THE government decision to ‘outsource’ the operations and land assets of the three main airports in Lahore, Karachi and Islamabad is a welcome development, and anticipates a significantly large investment from Qatar. That the government has decided to transfer these airports to private operators through public-private partnership, instead of going for outright privatisation, will help it circumvent long and tedious processes and avoid controversies associated with such policy actions in Pakistan. The Economic Coordination Committee has also approved the hiring of the International Finance Corporation — the private sector arm of the World Bank Group — as transaction adviser, which shows that the authorities are trying to expedite matters. Nonetheless, it is difficult to expect the whole process to conclude without any challenge from domestic airlines and the political opposition.

The trend to privatise, or transfer the management and operations of airports to private investors or private operators, has been growing worldwide since the early 1980s. This has both its advantages and disadvantages. But studies on such experiments elsewhere have shown that the benefits far outweigh the costs. The main benefit of any form of privatisation is the fact that it increases efficiency through investment in technology and the automation of processes to provide passengers reliable and less costly services. As the number of passengers travelling by air rises, the present infrastructure at Pakistani airports is coming apart. The situation requires massive capital investment in expansion and upgradation. With the government strapped for cash, private operators are in a better position to determine when and where to spend money to improve service delivery in order to facilitate the passengers without burdening taxpayers. The handing over of these airports to private operators should hopefully pave the way for more foreign airlines too begin flight operations in Pakistan or use one of the airports as their regional hub. If that happens, it will be a huge boost to the local tourism industry.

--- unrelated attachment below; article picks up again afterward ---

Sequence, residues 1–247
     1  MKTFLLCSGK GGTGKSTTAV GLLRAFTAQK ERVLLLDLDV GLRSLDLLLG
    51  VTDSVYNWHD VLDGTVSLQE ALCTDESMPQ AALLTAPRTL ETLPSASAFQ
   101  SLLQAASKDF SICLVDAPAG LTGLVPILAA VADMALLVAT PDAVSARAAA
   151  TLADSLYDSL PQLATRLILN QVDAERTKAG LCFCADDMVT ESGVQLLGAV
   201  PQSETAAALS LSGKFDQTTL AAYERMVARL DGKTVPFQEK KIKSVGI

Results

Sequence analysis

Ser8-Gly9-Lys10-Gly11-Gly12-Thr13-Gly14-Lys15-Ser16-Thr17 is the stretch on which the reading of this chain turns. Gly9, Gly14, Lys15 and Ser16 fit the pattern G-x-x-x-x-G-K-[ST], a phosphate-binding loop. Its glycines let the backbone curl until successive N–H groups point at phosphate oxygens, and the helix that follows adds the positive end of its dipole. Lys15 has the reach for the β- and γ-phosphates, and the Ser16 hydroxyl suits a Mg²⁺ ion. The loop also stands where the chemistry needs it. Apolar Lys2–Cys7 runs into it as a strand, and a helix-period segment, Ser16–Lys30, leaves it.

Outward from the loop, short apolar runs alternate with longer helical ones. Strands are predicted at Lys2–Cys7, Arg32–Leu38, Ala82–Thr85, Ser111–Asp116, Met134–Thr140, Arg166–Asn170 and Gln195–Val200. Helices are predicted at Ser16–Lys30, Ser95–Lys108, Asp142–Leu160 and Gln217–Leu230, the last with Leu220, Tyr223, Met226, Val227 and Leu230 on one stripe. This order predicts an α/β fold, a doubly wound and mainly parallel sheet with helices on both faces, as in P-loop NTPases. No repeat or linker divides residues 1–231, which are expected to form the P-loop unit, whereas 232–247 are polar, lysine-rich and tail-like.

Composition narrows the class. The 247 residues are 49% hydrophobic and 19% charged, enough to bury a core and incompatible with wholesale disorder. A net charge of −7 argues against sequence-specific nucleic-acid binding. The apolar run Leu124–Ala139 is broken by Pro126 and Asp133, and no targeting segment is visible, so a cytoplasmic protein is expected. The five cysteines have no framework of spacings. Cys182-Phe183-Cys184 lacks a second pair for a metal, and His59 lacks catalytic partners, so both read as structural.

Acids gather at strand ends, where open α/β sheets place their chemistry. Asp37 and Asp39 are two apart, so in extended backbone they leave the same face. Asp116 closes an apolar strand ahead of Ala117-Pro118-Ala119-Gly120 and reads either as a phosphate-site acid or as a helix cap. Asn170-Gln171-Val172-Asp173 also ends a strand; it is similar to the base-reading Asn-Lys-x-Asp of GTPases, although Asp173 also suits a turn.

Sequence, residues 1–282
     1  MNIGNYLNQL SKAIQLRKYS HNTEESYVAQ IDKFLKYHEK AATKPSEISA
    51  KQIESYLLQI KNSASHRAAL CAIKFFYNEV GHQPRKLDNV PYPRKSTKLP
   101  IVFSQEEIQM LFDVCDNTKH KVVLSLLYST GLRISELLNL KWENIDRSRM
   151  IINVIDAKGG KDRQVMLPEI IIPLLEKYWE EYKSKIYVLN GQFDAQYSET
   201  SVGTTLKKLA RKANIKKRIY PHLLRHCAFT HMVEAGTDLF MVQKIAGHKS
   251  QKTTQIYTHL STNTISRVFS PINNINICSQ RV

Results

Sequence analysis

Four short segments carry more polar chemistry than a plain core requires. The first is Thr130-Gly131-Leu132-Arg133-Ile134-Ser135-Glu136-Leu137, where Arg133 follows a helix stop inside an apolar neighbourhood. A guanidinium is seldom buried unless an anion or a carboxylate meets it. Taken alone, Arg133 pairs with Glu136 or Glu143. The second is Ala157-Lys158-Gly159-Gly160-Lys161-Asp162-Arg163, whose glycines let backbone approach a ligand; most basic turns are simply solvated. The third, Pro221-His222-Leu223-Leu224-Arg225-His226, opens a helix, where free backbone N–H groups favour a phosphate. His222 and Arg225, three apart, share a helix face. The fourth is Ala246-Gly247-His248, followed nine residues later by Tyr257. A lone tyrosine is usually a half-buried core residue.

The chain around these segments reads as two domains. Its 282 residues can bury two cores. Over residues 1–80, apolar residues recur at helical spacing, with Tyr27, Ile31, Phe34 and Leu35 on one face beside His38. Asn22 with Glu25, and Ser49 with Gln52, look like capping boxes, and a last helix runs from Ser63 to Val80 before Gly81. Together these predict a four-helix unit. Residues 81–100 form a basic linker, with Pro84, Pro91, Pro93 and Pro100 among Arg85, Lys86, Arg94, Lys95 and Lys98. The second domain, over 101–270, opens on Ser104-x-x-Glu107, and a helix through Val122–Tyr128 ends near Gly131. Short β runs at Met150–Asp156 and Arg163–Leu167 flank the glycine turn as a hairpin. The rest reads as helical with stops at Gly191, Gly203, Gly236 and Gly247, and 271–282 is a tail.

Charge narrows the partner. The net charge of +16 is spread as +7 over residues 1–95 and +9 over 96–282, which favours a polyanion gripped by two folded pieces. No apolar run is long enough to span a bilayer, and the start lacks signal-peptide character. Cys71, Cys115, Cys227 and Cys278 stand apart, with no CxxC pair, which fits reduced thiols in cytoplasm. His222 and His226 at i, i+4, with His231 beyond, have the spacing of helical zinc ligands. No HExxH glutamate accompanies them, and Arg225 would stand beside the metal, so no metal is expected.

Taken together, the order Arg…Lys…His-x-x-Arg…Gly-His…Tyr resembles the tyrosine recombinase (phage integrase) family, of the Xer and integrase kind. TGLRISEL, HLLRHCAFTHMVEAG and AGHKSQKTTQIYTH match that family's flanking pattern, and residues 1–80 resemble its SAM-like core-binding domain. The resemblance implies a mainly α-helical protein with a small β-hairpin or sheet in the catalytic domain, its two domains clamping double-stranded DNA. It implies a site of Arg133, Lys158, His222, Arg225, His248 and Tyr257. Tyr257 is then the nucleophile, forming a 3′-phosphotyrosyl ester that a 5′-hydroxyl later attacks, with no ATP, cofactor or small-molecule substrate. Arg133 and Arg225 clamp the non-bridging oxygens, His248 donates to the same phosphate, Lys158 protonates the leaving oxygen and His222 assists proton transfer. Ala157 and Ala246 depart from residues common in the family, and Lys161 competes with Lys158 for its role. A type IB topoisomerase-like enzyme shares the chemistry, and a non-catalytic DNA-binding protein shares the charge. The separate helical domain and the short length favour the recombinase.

Published in Dawn, April 1st, 2023

Opinion

Editorial

Course correction
Updated 24 Feb, 2024

Course correction

PTI should not abandon its power and responsibility while expecting an external stakeholder to set things right.
The plot thickens
Updated 24 Feb, 2024

The plot thickens

THE recent explosive allegations by Liaquat Ali Chattha, the former commissioner of Rawalpindi, have thrust the...
Trigger-happy police
24 Feb, 2024

Trigger-happy police

ARE the citizens of Karachi becoming fair game again? There were some grisly signs of a rapid return to living...
What next for PTI?
Updated 23 Feb, 2024

What next for PTI?

THE incoming government has been carved up. With the major offices apportioned between the PML-N and PPP, the...
Tackling debt
23 Feb, 2024

Tackling debt

MANY would tend to describe a new report warning that the country is headed for “inevitable default”, which will...
Imprisoned abroad
23 Feb, 2024

Imprisoned abroad

THE issue of Pakistani prisoners imprisoned in foreign jails crops up regularly, particularly during parliamentary...